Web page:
Ian didn't really want to play guitar, but for some reason we wanted him to play it. I can't remember the reason now ... I think Ian used to play only on "Love Will Tear Us Apart" ... no I'm wrong, there was another track too. Maybe "Heart and Soul"? I do remember Ian used to play just one chord, which was D. We showed him how to play D and we wrote a song. I wonder if that's why we wrote "Love Will Tear Us Apart", you could drone a D through it. I think he played it live because I was playing keyboards. On the record I played guitar, a twelve string Eko guitar, an Italian guitar that actually sounded pretty good.
Stephen Morris disliked the re-recorded version:
The version that everyone knows, I actually hate ... Martin Hannett played one of his mind games when we were recording it – it sounds like he was a tyrant, but he wasn't, he was nice. We had this one battle where it was nearly midnight and I said, "Is it all right if I go home, Martin – it's been a long day?" And he said [whispers], "OK ... you go home". So I went back to the flat. Just got to sleep and the phone rings. "Martin wants you to come back and do the snare drum". At four in the morning! I said, "What's wrong with the snare drum!?" So every time I hear "Love Will Tear Us Apart", I grit my teeth and remember myself shouting down the phone, "YOU BASTARD!" [smashes up imaginary phone]. I can feel the anger in it even now. It's a great song and it's a great production, but I do get anguished every time I hear it.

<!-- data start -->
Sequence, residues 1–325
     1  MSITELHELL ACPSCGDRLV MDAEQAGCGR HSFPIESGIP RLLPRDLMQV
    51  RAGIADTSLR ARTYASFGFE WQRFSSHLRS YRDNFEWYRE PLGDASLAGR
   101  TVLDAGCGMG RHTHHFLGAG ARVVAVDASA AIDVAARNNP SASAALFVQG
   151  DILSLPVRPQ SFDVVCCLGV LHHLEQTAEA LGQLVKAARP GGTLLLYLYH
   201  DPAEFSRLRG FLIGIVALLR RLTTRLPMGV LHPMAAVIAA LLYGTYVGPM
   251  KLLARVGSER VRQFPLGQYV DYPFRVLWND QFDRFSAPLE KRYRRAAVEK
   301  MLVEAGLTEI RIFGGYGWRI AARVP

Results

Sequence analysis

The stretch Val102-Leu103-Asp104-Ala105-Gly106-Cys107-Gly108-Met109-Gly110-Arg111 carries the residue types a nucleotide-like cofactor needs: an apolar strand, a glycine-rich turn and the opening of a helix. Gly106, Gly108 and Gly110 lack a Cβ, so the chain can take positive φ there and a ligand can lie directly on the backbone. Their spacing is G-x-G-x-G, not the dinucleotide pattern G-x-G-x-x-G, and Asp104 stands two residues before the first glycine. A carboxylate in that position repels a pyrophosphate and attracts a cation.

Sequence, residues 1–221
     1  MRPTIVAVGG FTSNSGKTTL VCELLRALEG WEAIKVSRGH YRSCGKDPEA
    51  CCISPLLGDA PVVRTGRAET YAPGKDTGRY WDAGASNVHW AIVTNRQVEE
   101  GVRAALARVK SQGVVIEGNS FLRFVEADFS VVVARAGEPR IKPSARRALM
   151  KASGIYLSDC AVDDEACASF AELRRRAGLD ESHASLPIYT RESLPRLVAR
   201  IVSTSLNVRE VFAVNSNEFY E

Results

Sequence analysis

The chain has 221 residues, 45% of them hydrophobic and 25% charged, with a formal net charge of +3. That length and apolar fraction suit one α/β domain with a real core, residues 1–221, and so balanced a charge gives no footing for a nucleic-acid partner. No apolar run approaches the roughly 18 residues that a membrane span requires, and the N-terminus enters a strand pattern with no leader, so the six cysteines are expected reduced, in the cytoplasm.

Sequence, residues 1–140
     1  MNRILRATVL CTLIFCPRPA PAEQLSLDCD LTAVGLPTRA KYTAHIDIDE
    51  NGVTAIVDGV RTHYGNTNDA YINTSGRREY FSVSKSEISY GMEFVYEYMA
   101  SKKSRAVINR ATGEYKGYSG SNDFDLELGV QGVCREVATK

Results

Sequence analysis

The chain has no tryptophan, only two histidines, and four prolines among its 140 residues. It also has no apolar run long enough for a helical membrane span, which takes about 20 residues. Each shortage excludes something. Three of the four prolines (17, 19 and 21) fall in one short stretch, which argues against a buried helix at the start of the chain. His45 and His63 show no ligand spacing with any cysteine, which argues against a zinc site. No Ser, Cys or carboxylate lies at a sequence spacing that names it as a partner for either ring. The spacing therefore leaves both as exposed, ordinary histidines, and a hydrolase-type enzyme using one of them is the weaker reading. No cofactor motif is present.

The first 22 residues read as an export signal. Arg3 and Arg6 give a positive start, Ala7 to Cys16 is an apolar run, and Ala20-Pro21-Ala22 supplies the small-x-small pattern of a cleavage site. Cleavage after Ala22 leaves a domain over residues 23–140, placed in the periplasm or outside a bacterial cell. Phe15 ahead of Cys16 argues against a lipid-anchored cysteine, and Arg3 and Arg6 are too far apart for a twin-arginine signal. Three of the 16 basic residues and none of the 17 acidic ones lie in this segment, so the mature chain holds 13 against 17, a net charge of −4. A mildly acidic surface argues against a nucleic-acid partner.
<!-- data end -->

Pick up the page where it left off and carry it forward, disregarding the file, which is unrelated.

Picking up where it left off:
While Joy Division were recording "Love Will Tear Us Apart", U2 were in the studio to see Martin Hannett about producing their first album, Boy. Lead singer Bono said of the encounter:
Talking to Ian Curtis is ... or was a strange experience because he's very warm ... he talked—it was like two people inside of him—he talked very light, and he talked very well-mannered, and very polite. But when he got behind the microphone he really surged forth; there was another energy. It seemed like he was just two people and, you know, "Love Will Tear Us Apart", it was like [when] that record was released ... it was like, as if, there were the personalities, separate; there they were, torn apart.
Bono has since often sung snippets of the song during live performances, often during extended versions of "With or Without You".
The video was shot by the band themselves on 28 April 1980 as they rehearsed the song at T.J. Davidson's studio, where the band had previously rehearsed during the early days of their career. At the start of the video, the door that opens and shuts is carved with Ian Curtis' name; reportedly this was the beginning of an abusive message (the rest later erased) carved into the door.